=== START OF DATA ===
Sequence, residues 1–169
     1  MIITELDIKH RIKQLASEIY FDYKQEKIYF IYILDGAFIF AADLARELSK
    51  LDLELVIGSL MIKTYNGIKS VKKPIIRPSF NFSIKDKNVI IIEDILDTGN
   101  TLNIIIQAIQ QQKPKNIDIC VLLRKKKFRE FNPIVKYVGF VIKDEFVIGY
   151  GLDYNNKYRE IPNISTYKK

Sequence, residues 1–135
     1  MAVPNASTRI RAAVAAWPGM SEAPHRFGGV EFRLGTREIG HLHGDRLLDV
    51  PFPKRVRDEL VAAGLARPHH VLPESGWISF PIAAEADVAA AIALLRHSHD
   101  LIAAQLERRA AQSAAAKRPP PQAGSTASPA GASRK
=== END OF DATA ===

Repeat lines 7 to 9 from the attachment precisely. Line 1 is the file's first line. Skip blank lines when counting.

     1  MAVPNASTRI RAAVAAWPGM SEAPHRFGGV EFRLGTREIG HLHGDRLLDV
    51  PFPKRVRDEL VAAGLARPHH VLPESGWISF PIAAEADVAA AIALLRHSHD
   101  LIAAQLERRA AQSAAAKRPP PQAGSTASPA GASRK